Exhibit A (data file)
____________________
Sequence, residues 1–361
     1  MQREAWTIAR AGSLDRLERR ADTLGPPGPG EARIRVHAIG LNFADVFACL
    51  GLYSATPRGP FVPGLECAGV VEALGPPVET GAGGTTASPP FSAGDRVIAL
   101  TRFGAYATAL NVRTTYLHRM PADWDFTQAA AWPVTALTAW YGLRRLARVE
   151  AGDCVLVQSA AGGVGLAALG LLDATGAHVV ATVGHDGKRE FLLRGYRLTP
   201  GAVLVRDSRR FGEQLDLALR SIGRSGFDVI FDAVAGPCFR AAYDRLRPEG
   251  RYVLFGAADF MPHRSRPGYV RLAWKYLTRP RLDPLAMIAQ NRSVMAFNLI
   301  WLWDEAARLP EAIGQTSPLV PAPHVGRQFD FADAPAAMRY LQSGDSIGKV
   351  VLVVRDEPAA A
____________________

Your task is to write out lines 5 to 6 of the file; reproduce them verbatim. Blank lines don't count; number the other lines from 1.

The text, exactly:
   151  AGDCVLVQSA AGGVGLAALG LLDATGAHVV ATVGHDGKRE FLLRGYRLTP
   201  GAVLVRDSRR FGEQLDLALR SIGRSGFDVI FDAVAGPCFR AAYDRLRPEG